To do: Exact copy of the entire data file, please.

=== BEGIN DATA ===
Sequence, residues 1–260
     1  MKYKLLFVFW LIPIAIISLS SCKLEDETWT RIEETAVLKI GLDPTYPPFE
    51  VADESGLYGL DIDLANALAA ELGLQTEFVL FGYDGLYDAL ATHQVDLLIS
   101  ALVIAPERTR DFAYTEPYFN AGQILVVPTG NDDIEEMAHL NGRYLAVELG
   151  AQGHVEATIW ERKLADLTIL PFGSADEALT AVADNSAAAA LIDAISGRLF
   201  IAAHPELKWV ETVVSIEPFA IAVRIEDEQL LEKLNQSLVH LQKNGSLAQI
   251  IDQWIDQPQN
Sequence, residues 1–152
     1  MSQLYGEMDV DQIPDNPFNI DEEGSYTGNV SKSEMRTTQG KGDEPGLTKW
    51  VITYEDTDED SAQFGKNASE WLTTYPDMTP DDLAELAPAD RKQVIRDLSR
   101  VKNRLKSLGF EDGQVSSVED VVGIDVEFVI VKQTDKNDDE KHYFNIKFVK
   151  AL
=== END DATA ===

Sequence, residues 1–260
     1  MKYKLLFVFW LIPIAIISLS SCKLEDETWT RIEETAVLKI GLDPTYPPFE
    51  VADESGLYGL DIDLANALAA ELGLQTEFVL FGYDGLYDAL ATHQVDLLIS
   101  ALVIAPERTR DFAYTEPYFN AGQILVVPTG NDDIEEMAHL NGRYLAVELG
   151  AQGHVEATIW ERKLADLTIL PFGSADEALT AVADNSAAAA LIDAISGRLF
   201  IAAHPELKWV ETVVSIEPFA IAVRIEDEQL LEKLNQSLVH LQKNGSLAQI
   251  IDQWIDQPQN
Sequence, residues 1–152
     1  MSQLYGEMDV DQIPDNPFNI DEEGSYTGNV SKSEMRTTQG KGDEPGLTKW
    51  VITYEDTDED SAQFGKNASE WLTTYPDMTP DDLAELAPAD RKQVIRDLSR
   101  VKNRLKSLGF EDGQVSSVED VVGIDVEFVI VKQTDKNDDE KHYFNIKFVK
   151  AL